Californians Keep Up With Joneses’ Water Use—This is depressing. California is facing epic drought and its citizens are doing little if anything to conserve water on a personal level. Who needs a freakin’ green lawn in California? No one.

Protecting Parrotfish on the Path to a Caribbean Reef Revival—Reefs are complete ecosystems, so we need to ensure the vitality of all the creatures that inhabit them. The decline of parrotfish means that algae and other organisms colonize the coral and outcompete more traditional reef inhabitants.

Interior Commits to Bison Restoration, but Offers few Specifics—The North American bison is an amazing creature and its restoration from near extinction is also equally amazing. What is needed, as the Poppers postulate in their Buffalo Commons idea, is a wide scale reintroduction into the landscape of the American west that has been long dominated by cattle.

What Type of Environmentalist are You?—This little quiz made the rounds of the internet during this week. It’s a fun little diversion.

More And More Companies Are Buying Their Way Overseas To Get Lower Taxes—Do you want to know why we have a revenue problem in the U.S.? It’s because corporations keep making more money and keep paying less in taxes. ‘Nuff said.

Friday Linkage 11/1/2013

I feel like I am finally getting back to a sense of normal after two months of crazy.  The next couple of weeks should bring some good project notes on some things that I have been working on and a plethora of beer related musings.  In recent weeks I have bottled a couple of batches, brewed another, and planned trips to several breweries within the region.  Good things are coming.

On to the links…

Surly Brewing Breaks Ground on New Brewery—Why is this the lead link?  Because the brewery is going to quadruple annual capacity bringing hope to those of us not living in the Twin Cities that Coffee Bender might make a trip to our environs.

Annie Leonard Shows us How to Solve Our Problems—I just love the simple and impactful way that these “sketchboard” videos lay out issues that are sometimes very difficult to process in a meaningful way.  Take a few minutes and watch with intent.  When you are done watch the Story of Stuff as well.

Shutdown Of National Parks Cost $30 Million In Just One State—It is a damn shame that anyone has to argue about the value of the National Parks.  At least the recent government shutdown highlighted the value that these parks possess.  Now, if anyone on the right actually learns the lesson it will be a miracle.

Vision of Prairie Paradise Troubles Some Montana Ranchers—When the Poppers proposed the “Buffalo Commons” many years ago a lot of people laughed the idea off as east coast elite nonsense.  It looks like the folks behind the American Prairie Reserve did not think it was such a silly idea.

Why You Should Care About Everglades Restoration—It’s hard to love a swamp and it’s even harder love Florida.  But, the ecosystem of the Everglades is very important and its restoration could be a harbinger of common sense for a state devoid of it, in general.

Natural Allies for the Next Sandy—In the future, we are going to have to consider every solution to ensuring our communities are protected from super storms.  These storms will become more common and more intense.  Bet on it.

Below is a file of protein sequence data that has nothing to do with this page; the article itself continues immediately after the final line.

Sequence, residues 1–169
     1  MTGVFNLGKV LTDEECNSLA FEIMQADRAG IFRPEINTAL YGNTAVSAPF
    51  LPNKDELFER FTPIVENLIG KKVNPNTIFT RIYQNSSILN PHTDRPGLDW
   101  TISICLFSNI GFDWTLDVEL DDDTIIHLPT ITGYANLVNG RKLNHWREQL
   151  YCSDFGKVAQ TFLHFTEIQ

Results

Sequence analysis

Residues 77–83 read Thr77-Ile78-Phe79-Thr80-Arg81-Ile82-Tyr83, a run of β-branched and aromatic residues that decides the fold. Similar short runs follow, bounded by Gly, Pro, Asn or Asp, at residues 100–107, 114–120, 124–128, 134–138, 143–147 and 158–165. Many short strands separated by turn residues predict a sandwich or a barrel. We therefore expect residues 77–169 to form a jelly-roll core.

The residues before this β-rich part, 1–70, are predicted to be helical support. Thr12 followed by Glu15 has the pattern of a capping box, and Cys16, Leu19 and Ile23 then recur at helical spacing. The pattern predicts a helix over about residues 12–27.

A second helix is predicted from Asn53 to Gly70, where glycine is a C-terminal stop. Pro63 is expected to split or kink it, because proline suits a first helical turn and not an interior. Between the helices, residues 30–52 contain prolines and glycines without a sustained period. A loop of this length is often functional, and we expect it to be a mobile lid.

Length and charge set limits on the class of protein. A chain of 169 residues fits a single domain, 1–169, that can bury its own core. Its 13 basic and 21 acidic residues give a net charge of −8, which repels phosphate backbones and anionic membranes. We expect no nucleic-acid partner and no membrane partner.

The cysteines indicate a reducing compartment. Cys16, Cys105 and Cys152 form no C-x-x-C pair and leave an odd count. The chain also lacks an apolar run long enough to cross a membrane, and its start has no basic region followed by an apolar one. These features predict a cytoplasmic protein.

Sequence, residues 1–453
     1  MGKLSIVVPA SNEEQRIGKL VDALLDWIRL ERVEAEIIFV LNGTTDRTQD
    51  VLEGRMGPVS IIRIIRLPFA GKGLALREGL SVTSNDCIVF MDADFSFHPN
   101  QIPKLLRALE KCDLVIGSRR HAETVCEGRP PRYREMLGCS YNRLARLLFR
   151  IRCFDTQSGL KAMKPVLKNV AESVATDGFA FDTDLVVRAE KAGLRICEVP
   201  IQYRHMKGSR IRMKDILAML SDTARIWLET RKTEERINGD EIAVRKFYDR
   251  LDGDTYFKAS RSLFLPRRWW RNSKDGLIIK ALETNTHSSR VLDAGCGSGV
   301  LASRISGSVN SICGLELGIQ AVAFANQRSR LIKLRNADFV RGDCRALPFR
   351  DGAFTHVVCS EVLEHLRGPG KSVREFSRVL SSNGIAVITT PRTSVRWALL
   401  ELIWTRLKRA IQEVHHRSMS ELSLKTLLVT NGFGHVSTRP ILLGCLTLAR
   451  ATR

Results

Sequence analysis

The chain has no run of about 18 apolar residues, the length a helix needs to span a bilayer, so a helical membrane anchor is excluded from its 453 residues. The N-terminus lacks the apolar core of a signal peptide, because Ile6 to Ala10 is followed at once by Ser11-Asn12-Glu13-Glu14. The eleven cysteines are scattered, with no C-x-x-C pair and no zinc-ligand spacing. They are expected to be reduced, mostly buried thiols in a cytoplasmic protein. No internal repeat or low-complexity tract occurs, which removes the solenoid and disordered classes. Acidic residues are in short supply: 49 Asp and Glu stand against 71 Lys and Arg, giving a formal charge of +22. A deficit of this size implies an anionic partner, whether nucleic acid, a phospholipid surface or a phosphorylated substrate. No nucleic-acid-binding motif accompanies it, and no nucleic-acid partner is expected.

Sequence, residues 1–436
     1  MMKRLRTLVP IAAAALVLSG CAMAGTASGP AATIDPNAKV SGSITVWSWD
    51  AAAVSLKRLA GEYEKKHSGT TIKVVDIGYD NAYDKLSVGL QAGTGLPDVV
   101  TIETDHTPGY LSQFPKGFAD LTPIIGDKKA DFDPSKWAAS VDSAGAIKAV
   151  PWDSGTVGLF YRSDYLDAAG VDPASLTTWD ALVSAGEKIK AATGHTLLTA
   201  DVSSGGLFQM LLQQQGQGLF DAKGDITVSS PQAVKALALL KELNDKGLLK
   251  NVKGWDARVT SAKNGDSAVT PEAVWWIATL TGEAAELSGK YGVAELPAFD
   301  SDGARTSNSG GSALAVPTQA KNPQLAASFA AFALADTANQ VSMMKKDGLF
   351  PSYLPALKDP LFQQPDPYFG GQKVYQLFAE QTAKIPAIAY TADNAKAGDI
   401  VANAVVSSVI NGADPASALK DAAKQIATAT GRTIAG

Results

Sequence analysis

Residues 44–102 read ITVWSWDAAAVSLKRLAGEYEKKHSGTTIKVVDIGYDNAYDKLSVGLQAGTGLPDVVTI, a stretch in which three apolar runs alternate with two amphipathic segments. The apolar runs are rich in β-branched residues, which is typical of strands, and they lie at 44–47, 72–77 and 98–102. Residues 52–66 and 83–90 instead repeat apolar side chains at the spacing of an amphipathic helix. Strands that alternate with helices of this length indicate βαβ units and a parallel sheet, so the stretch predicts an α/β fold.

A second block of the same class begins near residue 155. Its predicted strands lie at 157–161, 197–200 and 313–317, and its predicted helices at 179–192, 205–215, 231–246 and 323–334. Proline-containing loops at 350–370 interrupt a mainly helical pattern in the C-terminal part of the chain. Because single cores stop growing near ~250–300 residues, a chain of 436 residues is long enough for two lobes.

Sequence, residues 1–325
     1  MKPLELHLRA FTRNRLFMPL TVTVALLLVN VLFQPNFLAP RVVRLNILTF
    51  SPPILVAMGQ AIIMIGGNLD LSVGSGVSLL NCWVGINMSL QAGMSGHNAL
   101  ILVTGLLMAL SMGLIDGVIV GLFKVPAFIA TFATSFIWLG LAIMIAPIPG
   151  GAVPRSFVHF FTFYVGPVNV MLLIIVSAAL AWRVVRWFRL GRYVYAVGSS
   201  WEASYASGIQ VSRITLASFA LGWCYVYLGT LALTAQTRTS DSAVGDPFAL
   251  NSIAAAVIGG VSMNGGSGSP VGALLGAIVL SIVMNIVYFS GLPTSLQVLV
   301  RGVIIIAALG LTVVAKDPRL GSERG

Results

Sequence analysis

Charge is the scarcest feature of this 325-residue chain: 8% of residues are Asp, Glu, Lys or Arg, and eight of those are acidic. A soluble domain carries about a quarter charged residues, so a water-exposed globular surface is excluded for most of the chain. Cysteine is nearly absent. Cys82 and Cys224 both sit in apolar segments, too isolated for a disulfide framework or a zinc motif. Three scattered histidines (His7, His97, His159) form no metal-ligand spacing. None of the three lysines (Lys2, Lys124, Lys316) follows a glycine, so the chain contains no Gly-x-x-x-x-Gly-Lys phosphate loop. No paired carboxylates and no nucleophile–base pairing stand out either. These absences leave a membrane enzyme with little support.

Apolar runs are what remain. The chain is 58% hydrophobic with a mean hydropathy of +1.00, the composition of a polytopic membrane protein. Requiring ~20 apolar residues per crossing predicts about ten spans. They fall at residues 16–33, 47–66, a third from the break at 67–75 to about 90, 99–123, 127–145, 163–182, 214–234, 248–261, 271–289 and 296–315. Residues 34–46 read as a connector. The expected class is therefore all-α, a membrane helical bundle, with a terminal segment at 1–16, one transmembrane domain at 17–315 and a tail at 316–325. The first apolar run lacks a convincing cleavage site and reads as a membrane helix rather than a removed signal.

Over 100 North Dakota Oil Spills went Unreported—The dark side of the oil boom in North Dakota is seeping out story by story, day by day.  None of it is really good.  Now we know that the safety record of these companies is pretty piss poor.  Are these the same people you want in charge of a pipeline bringing sludge from Canada across the American heartland down to Texas?  Did not think so.

Want to Stop Hunger? Shift the Food Industry to Plant Based Foods—As the ecological and economic impacts of our rampant meat eating become more and more apparent, a movement is going to grow that treats such wanton consumption with the same contempt that we have for smoking.  A guy can hope right?

Should You Eat Chicken?—Mark Bittman nails the problem on the head with the simple statement that the issue with the food system is that “We care more about industry than we do about consumers.”  In this light, decisions made by regulators make sense.  A speed up of processing lines?  Sure, why not, we’ll just tell people to cook their chicken until it resembles a Duplo block to ensure no contamination.  We should not have to handle our food like it is hazardous waste.

Organic Crusader Wants Food Labels to Spell it Out—Ronnie Cummins and the Organic Consumers Association, a Minnesota based advocacy group, have been a key player in the push to have labels that tell the consumer if genetically modified ingredients have been used.  Voters in Washington will go to the polls soon to decide the fate of a labeling measure similar to the measure that failed in California recently.

F.D.A. Finds 12% of U.S. Spice Imports Contaminated—Now it looks like the spices that we import from overseas are contaminated and adulterated at a rate that is twice that of other food contamination.  Like was said in Fast Food Nation, there’s shit in our meat.

Watchdog Warns Of ‘Dirty Dozen’ Hormone Disruptors As Scientists, Industry Argue Regulation—I remember when talking about ensuring your child had BPA free bottles was just “hippie talk.”  My search for glass bottles was treated like some kind of project in Wicca or dark arts.  Now labels proudly proclaim the chemical is not present.  Too bad these endocrine disruptors are everywhere.

Should You Be Afraid Of Your Smart Meter?—Add smart meters to the things that might be potentially dangerous.  More and more I want to live some kind of neo-Luddite, off-grid existence.